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ABC's of Using Twitter Effectively

Twitter has taken the social media network by storm. Although some are simply using Twitter as just another instant message forum, internet marketers are finding that Twitter is a powerful marketing tool.

If you're going to use Twitter in your arsenal of marketing tools, you need to be careful how you use it. Let me give you some tips from my experience.

Once you've set your Twitter account up, upload your picture so it displays on your Twitter page. Reason for this is it personalizes your page. It becomes real, other Twitterers can put a face to your tweets. The worst faux pas you can make is leaving the generic avatar Twitter provides. It's ugly and, well, so generic. Here's a tweet from a friend on this subject:

I don't know how many others feel that way, but Jack and I do. So follow our advice and get a pic up as soon as possible.

New internet marketers are in too big of a hurry. I recently made a post exclaiming, "Social media marketing is like dating, guys. Just hold hands on the first date".

Here's what I mean. Twitter is still a social media platform, first and foremost. Even though it can be a powerful marketing tool, you still have to make friends first. Getting in too big of a rush will turn fellow tweeters off. And they do have a tendency to turn you off - by removing you from their follow list. You don't want that, trust me.

Take your time, use the Twitter platform to build relationships. Go slow, just like you're supposed to when you're dating. Here is a golden tip: If you choose to send a new follower a Direct Message (DM), please don't include a link to an affiliate product! By including affiliate links in your welcome DM, that tells your new follower is "I just wanting to make some money from you".

Update (April 2009) I don't send welcome DM's anymore. From my unofficial surveys, most peeps think welcome DM's are trite and insincere. My sentiments exactly. If you're using auto DM's, STOP! That's the ultimate in insincerity. Every few days, I post a tweet something like this: "To all my new followers, I don't send 'welcome Dm's because they're trite and meaningless. But I am glad you're on board for the ride."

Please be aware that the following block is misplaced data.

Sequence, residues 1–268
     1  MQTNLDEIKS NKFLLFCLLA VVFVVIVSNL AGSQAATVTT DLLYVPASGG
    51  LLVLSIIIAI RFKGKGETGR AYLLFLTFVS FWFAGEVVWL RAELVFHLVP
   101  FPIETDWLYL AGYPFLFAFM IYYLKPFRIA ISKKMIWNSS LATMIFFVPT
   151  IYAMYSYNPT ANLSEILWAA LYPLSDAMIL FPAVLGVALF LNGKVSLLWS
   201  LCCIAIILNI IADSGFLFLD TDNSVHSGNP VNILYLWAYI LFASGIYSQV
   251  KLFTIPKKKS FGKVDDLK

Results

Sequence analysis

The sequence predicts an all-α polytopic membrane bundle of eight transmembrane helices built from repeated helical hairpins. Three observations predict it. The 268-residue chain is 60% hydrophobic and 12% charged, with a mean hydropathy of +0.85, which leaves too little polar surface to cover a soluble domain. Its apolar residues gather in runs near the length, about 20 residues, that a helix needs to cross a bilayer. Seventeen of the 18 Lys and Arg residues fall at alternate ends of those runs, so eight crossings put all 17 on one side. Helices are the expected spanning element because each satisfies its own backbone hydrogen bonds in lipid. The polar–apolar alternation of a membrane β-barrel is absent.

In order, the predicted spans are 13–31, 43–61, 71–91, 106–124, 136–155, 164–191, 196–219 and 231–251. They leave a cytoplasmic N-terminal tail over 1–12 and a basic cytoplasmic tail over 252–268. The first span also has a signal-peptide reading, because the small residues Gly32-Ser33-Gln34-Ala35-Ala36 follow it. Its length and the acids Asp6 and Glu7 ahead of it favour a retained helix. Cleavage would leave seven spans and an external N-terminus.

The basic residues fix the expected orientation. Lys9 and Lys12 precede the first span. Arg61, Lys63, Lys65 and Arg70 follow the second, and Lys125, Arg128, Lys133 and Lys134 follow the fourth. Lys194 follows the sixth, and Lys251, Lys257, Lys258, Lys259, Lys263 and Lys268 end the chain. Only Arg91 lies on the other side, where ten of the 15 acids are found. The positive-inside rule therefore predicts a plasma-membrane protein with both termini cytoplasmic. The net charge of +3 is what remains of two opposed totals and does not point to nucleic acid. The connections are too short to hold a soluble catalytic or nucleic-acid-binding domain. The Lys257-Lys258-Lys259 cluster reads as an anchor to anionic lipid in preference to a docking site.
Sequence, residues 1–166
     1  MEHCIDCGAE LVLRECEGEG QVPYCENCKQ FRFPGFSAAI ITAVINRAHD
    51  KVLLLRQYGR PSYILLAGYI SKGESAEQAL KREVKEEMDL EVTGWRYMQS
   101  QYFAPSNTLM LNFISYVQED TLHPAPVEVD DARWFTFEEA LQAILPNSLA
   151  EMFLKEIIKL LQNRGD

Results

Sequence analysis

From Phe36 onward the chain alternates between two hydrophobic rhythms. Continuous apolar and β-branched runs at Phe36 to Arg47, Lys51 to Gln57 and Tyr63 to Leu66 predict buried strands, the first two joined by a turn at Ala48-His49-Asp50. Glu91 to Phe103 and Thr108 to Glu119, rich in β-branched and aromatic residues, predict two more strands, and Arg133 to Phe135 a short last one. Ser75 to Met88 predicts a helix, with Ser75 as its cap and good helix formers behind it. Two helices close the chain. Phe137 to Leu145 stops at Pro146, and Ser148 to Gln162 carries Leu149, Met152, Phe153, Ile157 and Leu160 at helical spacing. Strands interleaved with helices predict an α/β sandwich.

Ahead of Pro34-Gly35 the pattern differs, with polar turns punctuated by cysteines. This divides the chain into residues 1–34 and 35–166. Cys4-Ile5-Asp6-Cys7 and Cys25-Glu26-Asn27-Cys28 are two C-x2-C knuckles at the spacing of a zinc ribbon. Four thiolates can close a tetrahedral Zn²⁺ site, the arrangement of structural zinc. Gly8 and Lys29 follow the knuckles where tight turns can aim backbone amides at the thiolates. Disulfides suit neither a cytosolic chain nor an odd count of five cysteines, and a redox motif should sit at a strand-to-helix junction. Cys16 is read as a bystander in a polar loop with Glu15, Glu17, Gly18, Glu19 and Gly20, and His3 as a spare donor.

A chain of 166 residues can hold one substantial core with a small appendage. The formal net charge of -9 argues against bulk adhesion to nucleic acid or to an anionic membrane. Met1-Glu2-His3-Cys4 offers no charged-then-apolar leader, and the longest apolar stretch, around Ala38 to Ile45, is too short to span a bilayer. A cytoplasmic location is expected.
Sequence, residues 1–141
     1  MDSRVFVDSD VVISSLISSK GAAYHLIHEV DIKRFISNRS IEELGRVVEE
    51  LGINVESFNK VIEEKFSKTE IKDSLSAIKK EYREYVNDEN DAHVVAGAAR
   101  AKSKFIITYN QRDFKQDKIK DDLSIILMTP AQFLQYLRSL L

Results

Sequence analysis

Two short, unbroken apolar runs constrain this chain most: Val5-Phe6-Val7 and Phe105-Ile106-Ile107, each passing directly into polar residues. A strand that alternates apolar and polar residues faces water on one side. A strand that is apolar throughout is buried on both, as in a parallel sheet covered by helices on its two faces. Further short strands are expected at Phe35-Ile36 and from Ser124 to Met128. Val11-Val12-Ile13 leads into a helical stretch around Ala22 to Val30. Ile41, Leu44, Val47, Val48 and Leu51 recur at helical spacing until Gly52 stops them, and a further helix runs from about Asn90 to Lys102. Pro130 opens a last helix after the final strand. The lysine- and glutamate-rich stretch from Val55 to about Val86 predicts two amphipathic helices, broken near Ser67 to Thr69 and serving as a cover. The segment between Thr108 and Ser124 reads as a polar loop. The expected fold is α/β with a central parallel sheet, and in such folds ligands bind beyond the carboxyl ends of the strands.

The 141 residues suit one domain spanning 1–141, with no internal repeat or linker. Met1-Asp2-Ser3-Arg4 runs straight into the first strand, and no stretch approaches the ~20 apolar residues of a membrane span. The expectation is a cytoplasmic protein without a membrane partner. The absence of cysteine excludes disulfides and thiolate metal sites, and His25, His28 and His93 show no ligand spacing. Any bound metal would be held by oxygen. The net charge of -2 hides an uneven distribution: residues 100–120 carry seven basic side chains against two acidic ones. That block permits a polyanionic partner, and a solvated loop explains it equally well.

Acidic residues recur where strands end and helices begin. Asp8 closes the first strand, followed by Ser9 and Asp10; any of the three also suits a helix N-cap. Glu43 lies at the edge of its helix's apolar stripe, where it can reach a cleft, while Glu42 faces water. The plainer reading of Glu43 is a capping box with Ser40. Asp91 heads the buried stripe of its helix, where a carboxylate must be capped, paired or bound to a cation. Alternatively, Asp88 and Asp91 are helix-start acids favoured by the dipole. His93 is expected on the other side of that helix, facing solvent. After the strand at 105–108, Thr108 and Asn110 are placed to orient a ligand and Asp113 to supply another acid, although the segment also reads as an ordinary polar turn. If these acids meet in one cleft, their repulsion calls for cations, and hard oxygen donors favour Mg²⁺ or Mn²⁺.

If you're dead set in sending a welcome message, send a personal one, don't use an automated service to do it for you.

I my opinion, you should use links sparingly and with caution when contacting new followers. In my initial message, I've stopped including a link to my website. I don't offer a free gift or anything related to marketing. I just want my new follower to know I appreciate them choosing to follow my tweets. My website link is located in my profile, if they want to learn more about me, they can click on it there.

A key I've found that works for me is to write an interesting message that compels the new follower to go to your page and click the link. This requires me to think about what I'm going to write.

In the past, when I sent welcome messages, I sent mine out personally rather than using an automated sender. I had a basic format I used, but I also looked at the new followers Twitter page. If there's something personal or if we have a similar interest, I will include that in the welcome message. If at all possible, I find their first name. Sometimes this requires visiting their website or digging deeper. I believe it will pay off in the long run. After all, social media is about long term relationships.

I changed my welcome message frequently, but it was always personal in some fashion. Here are some real examples I used:

I couldn't find a name for this follower

This follower flies hangliders, so did I long time ago, I used it to connect with her

RoadKillCarl and I had a humorous exchange of tweets over road kill

Couldn't find out much about this follower

My "live life..." comment has been effective in initiating responses back to me

If you get a new follower and see from their Twitter page you have something in common, I think its a great idea to fashion your welcome message around the commonality.

Once you've made a connection with someone, that is, you're following them and they follow you, try to keep your conversations in the Direct Message (DM) form. Several reasons for this, the most important is it keeps your conversation private. Because your tweets are limited to 140 characters, a conversation can quickly become a lot of tweets. Your followers will appreciate you not adding a long line of meaningless tweets in your public timeline.